6 Questions Entrepreneurs Should Ask About Every New Idea
I love entrepreneurs! Generally, I’ve noticed a drive and a determination that takes creative-minded, bootstrapping, do-it-yourselfers a long way. Those who show true ingenuity, persistence, and resilience inspire us all to have a brighter attitude.
I also love entrepreneurs because they ask me to help them with things like logo and graphic design, social media strategy, and web-based user experience. Oh, and I charge for those things, so it’s doubly-nice.
One thing I’ve noticed, however, about super-entrepreneurs is that their minds tend to race about 10,000 RPMs with cool, new ideas. I really wonder how many ideas are eventually left laying in the dust, not because they weren’t good ideas, but because not quite enough thought and planning went into them.
Having received tons of emails with ideas from entrepreneurs hoping to take an idea big-time, I thought I’d throw together this list of the six things I either say, or want to say in response. They are mostly questions, not recommendations, but the questions themselves are often overlooked.
Is it possible?
I know this one sounds obvious. If it weren’t would I be asking about the idea to begin with? And aren’t all things possible to those who believe? Certainly, but quite a few great ideas are laying in graves because the technology was either not ready, or too expensive.
Who else is doing it?
Use search engines and social networks to scout out the potential competition. Sometimes you wind up jumping into an arena filled with insurmountable competition. You’re probably not going to start the business that will topple an Amazon or Apple.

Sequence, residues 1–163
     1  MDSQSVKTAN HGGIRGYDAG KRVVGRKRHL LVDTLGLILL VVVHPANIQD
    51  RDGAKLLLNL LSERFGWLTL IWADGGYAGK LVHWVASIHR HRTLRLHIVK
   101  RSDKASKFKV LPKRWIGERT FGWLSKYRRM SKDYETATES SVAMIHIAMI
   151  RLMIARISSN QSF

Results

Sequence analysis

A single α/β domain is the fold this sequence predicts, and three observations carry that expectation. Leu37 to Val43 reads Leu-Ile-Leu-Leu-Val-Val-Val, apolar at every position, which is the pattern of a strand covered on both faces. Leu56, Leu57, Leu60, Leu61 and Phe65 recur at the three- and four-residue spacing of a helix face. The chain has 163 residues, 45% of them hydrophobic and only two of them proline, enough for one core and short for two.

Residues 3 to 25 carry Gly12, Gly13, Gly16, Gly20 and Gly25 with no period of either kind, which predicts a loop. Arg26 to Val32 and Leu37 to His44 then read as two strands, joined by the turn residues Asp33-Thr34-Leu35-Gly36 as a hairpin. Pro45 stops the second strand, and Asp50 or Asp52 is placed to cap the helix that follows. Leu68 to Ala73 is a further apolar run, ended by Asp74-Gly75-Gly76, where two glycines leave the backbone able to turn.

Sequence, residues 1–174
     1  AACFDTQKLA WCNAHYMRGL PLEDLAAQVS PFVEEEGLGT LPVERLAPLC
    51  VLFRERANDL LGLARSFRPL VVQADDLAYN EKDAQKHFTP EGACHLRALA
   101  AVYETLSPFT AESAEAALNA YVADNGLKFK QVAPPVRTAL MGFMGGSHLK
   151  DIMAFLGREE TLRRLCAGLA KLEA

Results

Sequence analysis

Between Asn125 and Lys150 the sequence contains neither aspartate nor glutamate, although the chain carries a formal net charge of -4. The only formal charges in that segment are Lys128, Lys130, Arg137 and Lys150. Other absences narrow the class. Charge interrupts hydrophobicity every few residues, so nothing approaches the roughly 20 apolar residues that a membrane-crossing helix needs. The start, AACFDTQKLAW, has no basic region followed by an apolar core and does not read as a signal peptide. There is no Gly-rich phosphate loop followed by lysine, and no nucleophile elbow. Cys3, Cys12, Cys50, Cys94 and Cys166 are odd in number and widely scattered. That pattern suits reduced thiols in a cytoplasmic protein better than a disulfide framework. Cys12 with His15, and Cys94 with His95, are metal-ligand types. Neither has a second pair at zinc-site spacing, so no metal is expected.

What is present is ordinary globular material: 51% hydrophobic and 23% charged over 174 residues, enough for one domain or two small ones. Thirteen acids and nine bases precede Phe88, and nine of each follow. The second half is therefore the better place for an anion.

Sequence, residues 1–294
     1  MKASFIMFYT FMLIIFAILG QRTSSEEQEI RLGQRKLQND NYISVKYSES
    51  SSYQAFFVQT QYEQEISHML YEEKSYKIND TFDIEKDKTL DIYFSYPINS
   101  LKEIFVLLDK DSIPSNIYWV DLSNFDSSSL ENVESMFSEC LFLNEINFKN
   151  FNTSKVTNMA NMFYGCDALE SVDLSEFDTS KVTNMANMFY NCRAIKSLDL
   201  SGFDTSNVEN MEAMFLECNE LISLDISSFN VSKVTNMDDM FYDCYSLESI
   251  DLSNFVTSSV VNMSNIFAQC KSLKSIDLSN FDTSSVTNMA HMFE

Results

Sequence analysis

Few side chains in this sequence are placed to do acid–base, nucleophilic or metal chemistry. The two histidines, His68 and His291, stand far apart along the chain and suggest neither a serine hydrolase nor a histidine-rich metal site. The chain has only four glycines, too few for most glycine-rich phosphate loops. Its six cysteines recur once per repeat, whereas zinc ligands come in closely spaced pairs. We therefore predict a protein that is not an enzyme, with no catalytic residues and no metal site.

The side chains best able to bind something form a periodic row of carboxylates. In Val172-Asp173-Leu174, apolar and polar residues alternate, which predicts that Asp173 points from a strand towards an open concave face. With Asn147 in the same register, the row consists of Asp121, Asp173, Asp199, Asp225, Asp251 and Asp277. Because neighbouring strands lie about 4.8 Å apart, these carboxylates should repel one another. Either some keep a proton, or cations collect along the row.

Can it be done well remarkably?
Doing something well doesn’t make it successful. Doing it well enough to get noticed does. Can you execute the idea in such a way that people will buy into it?
Do I have accesses to the resources to get it done?
This thought may sound strange, but some ideas are good (or noble) enough that you should consider handing it off to someone who can get it done. And every good entrepreneur knows that “resources” aren’t limited to the money in your pocket. It includes the money in other people’s pockets as well!
Is the idea something I’m passionate enough about to stick with over the long haul?
Pretty self-explanatory. Most of us have been there, burying an idea for which we had great enthusiasm, but didn’t see the gap between enthusiasm and real passion.
Can it be monetized?
This is the slimy question nobody thinks anyone should ask, but it must be faced. Why? Because if it can’t be monetized, it can’t be sustained or expanded. Sometimes that’s okay. Sometimes a good idea needs to piggy-back some other more profitable concept. Sometimes, the idea needs to go back into the incubator though.
These questions are seeds. You may have more to face. But at least face these and use them as a filter for every new idea. Let your genius lie asoak in the probing process. If an idea survives… wow!